(Quote from ski boot manufacturer) “Our all-mountain boots have dramatically improved performance through better balance, quickness and responsiveness by introducing the efficient and modern designs that are used on the World Cup. These World Cup ski boot designs have a more centered, balanced and upright stance” – Lange Technical Department.
The aggressive forward lean angles of a traditional ski boot is made even more problematic by our lifestyles and occupations that often revolve around desk job environments and lots of sitting down. Sitting more than standing leads to muscle tightness in our calves, Achilles tendons, hamstrings and quadriceps. Tightness in these areas will limit the range of movement through the ankles and hips and ultimately creates a biomechanical disagreement with the geometry of your boots. Yoga, Pilates and regular stretching can help improve your flexibility but only so much. The recent adaptations to ski boot geometry are reducing the degree of required flexibility and more closely accommodating modern human biomechanics.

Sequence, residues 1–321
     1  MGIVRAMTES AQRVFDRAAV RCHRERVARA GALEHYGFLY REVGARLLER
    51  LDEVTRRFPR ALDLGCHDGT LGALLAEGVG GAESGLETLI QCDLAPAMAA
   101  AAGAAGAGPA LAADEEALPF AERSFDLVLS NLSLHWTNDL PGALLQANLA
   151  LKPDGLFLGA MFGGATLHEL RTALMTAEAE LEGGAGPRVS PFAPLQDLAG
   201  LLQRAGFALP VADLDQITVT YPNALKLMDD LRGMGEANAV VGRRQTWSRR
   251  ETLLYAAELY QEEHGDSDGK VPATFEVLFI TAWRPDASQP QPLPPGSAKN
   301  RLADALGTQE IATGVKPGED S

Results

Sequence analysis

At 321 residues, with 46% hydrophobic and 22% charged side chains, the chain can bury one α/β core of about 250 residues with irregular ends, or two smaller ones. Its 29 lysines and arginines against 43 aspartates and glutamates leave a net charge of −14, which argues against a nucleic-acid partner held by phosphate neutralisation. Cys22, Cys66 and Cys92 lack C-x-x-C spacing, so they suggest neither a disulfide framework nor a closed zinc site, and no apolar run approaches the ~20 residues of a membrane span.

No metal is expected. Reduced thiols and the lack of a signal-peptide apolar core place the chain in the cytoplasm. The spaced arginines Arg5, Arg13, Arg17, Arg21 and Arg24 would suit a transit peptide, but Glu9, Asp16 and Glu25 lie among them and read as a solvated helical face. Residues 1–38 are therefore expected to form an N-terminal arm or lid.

Footpro takes the ski boot fitting process to the next level with the help of state of the art pressure testing equipment which can analyse posture and balance. This information enables our bootfitters to make ski boot adjustments that achieve the ultimate ski stance for every customer. Our very selective range of boots not only accommodates varied foot shapes but also has specially selected models to suit individual stance variations and flexibility problems. For people who have major flexibility issues these new innovations will make ski boots more comfortable but still not 100% perfect. Footpro ski boot technicians have been aware of this problem for some time and are equipped with the skills to perform major ski boot modifications where sections of the ski boot upper cuff are cut away to reduce the amount of forward lean. This improved stance position is then riveted in place to create a biomechanical relationship between skier and their equipment.